“Really?” Grandma’s face instantly softened back into the kind, loving face that I had always known was hers. “You would do that for me April? When did you learn how to cook?”

I smiled back. “Well, I think between you and Mom, I do alright in the kitchen.  Why don’t we double up the ingredients? Just in case it’s not perfect the first time.”

Navigating the wheelchair much more slowly, Grandma started to follow me back towards the produce section. “Oh April, that sounds lovely! Why don’t we get some berries as well?  I could show you how I make my summer tarts! I haven’t –”

She stopped midsentence as she saw two clerks and the manager carefully cleaning up the broken remains of the wine display.  “My goodness! Whatever happened here? Who could do such a thing!”

I froze, panicking. She didn’t remember doing this? How was I to explain? I whispered urgently into my earpiece, “Mom!”  But before Mom could say anything, the manager looked up, smiled and walked over to Grandma.

“Mrs. Hesterly,” he began warmly. “My apologies for the mess. There was an accident earlier and we are trying to clean it up as quick as we can. I’m sorry, but could you please come around this way for the time being, to ensure your safety… That’s it…”

“Of course,” Grandma murmured. “I hope no one was hurt…”

“No, no, everyone is fine,” he assured her as he led us down the next aisle.  In my earpiece, I heard my mother sigh in relief.

“April, I am very proud of you, you handled that very well.  Please take the manager to the side and tell him your father will come by tomorrow and pay for the broken merchandise.”  I lagged behind Grandma and the manager so I could talk to Mom for a minute.

“Of course, Mom.  But could I ask you something? Why were you laughing at first? I feel so sad now…”

“Oh April,” Mom’s sigh seemed heavier now. “Maybe it was wrong of me to laugh, but the way I see it I had two choices.  I could have broken into tears because my sixteen year old daughter is trapped by herself taking care of my senile mother-in-law, who happens to be having an episode, and I am ten hours away and cannot come to the rescue.  Or I could look at the humor of the situation and blow off enough emotion laughing at the sheer absurdity of Agnes waving her cane in the air and crashing through market displays so that I can keep a level head and try to guide you through it.”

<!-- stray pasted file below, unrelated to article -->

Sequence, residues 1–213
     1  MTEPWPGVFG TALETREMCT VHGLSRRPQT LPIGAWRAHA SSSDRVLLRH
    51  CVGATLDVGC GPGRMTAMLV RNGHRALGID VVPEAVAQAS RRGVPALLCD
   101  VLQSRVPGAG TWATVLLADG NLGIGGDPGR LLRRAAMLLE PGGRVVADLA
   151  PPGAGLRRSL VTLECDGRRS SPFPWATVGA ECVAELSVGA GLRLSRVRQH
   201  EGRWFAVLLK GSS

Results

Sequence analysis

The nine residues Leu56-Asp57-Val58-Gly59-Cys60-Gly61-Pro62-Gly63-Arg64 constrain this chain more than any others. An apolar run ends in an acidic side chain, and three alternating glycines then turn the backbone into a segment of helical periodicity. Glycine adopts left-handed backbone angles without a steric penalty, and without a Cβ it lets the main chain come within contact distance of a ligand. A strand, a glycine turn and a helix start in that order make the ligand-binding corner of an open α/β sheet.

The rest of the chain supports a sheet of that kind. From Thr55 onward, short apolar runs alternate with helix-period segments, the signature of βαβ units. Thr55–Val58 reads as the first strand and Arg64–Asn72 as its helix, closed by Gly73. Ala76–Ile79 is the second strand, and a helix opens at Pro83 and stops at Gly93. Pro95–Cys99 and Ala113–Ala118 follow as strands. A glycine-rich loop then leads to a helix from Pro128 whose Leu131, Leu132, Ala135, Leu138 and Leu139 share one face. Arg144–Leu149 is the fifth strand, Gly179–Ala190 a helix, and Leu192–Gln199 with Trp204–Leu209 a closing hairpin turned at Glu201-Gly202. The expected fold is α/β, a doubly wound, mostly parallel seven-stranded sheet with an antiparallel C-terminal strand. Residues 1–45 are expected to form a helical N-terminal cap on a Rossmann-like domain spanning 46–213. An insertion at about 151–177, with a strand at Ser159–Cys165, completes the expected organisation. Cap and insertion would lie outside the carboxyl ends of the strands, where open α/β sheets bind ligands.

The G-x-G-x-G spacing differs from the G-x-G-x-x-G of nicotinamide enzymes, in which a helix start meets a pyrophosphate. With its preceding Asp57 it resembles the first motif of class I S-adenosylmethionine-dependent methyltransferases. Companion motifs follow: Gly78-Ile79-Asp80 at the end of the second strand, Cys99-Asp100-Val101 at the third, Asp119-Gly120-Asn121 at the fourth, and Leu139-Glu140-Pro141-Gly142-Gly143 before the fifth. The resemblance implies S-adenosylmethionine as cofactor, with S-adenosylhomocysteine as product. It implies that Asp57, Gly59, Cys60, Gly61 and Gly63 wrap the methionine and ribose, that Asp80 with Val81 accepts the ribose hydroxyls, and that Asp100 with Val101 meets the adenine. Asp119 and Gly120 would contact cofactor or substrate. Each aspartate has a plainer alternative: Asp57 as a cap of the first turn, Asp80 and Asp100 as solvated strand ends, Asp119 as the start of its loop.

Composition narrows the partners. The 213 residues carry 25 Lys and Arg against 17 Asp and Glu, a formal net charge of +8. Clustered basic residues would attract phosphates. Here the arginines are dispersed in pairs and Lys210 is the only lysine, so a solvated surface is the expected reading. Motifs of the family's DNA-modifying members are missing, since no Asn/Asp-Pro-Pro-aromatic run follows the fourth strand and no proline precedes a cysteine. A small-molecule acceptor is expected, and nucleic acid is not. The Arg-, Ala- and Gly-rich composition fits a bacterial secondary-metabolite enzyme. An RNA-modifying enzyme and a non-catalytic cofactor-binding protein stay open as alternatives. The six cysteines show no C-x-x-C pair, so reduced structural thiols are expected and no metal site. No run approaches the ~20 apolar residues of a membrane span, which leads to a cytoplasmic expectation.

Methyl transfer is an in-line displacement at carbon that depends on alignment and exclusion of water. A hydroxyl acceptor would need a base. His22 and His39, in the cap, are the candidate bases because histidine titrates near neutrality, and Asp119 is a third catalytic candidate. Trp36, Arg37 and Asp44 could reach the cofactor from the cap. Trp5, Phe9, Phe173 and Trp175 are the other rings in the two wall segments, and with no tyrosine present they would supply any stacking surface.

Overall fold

“Oh.” I stood there thinking about it for a minute and then started giggling.  “You really should’ve seen her lurching through the aisles, trying to boss people around like she was royalty. It really was pretty funny…”

“See, there you go!  And now you can go cook with your grandmother without feeling quite so sad.  Now go!” Mom commanded.  “Berry tarts is one of the recipes that woman refused to share with me, and I want to know every detail of it when you get home.”

“I will take copious notes,” I promised.  “I’ll call you before I go to bed.  Love you, Mom.”

6 thoughts on “Navigating the Soup Aisle

  1. This is great! I’m sure April won’t mind in the least. Mom’s attitude is similar to my friend’s in regards to her mother’s Alzheimer’s. It’s refreshing and encouraging.

    Liked by 1 person

  2. I love it!! It’s as if you *knew* how haphazardly my mother drives her scooter in the grocery store–or any store, claiming innocence if she happens to see the wreckage in her wake! And berries too? I’m sending this to my husband to read. Great story!

    Liked by 2 people

    1. So glad you like it! I really hoped you would as I channeled your name 😀. And I must admit, my own mother-in-law plays into the inspiration. Let’s just say they let her keep her driver’s license a bit too long….

      Liked by 1 person